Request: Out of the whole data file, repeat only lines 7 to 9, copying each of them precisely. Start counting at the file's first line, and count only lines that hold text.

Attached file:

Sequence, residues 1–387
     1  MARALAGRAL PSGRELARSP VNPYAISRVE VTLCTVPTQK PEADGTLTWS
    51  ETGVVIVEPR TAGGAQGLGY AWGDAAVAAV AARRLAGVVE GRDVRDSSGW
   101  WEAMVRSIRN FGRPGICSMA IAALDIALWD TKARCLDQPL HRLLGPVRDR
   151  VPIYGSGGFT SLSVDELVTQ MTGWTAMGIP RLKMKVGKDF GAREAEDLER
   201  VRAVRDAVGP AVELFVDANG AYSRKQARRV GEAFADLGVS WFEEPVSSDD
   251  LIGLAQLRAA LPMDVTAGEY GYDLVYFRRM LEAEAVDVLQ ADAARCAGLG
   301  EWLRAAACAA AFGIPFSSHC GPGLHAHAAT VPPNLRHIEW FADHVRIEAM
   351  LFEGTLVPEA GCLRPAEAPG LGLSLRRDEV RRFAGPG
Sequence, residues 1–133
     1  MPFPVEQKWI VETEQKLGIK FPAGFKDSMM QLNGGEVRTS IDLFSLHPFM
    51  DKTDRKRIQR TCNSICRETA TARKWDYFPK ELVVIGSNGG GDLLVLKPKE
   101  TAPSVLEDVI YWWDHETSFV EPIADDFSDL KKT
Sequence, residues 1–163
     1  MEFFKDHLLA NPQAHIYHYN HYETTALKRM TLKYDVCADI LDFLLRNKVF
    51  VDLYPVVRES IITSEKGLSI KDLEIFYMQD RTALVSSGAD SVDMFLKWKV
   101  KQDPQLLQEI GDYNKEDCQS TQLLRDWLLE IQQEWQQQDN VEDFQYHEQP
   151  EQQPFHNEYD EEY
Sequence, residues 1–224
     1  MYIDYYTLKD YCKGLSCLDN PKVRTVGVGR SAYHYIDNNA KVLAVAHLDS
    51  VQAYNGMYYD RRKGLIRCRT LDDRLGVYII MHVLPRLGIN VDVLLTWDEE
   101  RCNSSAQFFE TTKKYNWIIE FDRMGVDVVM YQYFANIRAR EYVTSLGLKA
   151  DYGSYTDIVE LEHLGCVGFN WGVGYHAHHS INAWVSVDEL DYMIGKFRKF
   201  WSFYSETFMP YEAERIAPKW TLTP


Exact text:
   251  LIGLAQLRAA LPMDVTAGEY GYDLVYFRRM LEAEAVDVLQ ADAARCAGLG
   301  EWLRAAACAA AFGIPFSSHC GPGLHAHAAT VPPNLRHIEW FADHVRIEAM
   351  LFEGTLVPEA GCLRPAEAPG LGLSLRRDEV RRFAGPG